The fact that something more is going on beneath the surface of this psalm is apparent even from its first line. The oft quoted “how good and how pleasant” is actually a clever play on words. The word translated “good” – tov – is the standard Judahite word for good, while the word usually translated “pleasant” – na’im – is specifically the Israelite word for good. Keep in mind that these languages were closely related but still somewhat different, and an 8th century inhabitant of Jerusalem would hear this. Imagine saying “how good and que bueno” in a song for Latin American refugees today, or “how good and ma jayyid” in a song for refugees from Syria. When the psalmist says “how tov and how na’im it is for brothers to live in unity,” he isn’t just spouting a truism. He’s speaking into a specific situation. It is good for Judahites and Israelites to live together as one. It is good to welcome the outsider.
The appeal to Israelite culture doesn’t end with the use of the Israelite language, though. The psalmist also celebrates the arrival of Israelite cultural traditions in Jerusalem. When he speaks of oil flowing down on the beard of Aaron, he activates in the minds of the audience the image of Moses anointing Aaron as high priest (Leviticus 8:12). Close students of the Bible will of course remember that Aaron’s descendants made up the priesthood in Jerusalem. Meanwhile, Moses’ descendants became priests in the Israelite city of Dan (Judges 18:29-30). Overlooking the Israelite temple at Dan is the sacred mountain of Hermon, which fulfilled a role similar to that of Zion in Judah. So when the psalmist says it as if the dew of Hermon were to fall on the mountains of Zion, he means that it is as if these two temples and two priesthoods had become one. The psalmist is rejoicing at the arrival of people as well as cultural and religious traditions from Israel into Judah. He may even be celebrating the preservation of Israelite music, such as Psalm 42 (the most well-known song from the temple at Dan, now preserved in the psalter from Jerusalem). The refugees are thus not only welcomed but enthusiastically celebrated.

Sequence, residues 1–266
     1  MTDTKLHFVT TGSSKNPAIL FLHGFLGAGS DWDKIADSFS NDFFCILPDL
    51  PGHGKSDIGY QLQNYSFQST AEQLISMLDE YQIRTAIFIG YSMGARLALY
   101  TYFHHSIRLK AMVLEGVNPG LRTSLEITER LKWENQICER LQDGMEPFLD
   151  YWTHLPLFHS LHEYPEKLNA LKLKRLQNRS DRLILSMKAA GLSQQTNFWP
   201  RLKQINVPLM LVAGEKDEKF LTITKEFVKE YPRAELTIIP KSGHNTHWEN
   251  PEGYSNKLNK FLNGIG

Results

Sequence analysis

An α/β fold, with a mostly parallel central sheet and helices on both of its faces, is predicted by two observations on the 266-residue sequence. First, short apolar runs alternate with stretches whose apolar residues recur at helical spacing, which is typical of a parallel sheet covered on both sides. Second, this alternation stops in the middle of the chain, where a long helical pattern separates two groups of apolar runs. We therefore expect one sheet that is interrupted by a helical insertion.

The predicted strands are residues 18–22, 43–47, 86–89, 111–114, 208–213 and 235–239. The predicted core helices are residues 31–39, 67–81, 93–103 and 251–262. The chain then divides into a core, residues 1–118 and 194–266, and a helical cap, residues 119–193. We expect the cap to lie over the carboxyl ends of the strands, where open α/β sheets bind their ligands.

Exposing the heart behind the psalm reveals that it is far more than an altruistic proverb. It is a song about caring for our brothers and sisters in the Lord even when they don’t look, speak, or worship like us. It is a song about inviting outsiders – believing and unbelieving – into our community and earnestly pointing them to God. It is a song about celebrating our unity in the midst of diversity. It is reminder that although “pure and undefiled religion” involves caring for the widow and the orphan (James 1:27), it also involves welcoming the foreigner, the immigrant, and the refugee (Deuteronomy 10:18; Psalm 146:9; Jeremiah 7:6, 22:3; Zechariah 7:10; Malachi 3:5). Psalm 133 is an invitation to keep singing the songs of Israel, and to continue making music for our brothers and sisters who find themselves in need of refuge.
The psalms are still giving voice to prayers for refugees today, as in this rendition of Psalm 51 chanted in Aramaic by families of Syrian and Iraqi descent in St. Simon bar Sabbae Chaldean Catholic Church in Tbilisi, Georgia. The occasion was a prayer service for the refugee crisis performed by Pope Francis during his visit to Georgia in 2016.
Timothy Hogue, PhD Candidate in Near Eastern Languages and Cultures
University of California, Los Angeles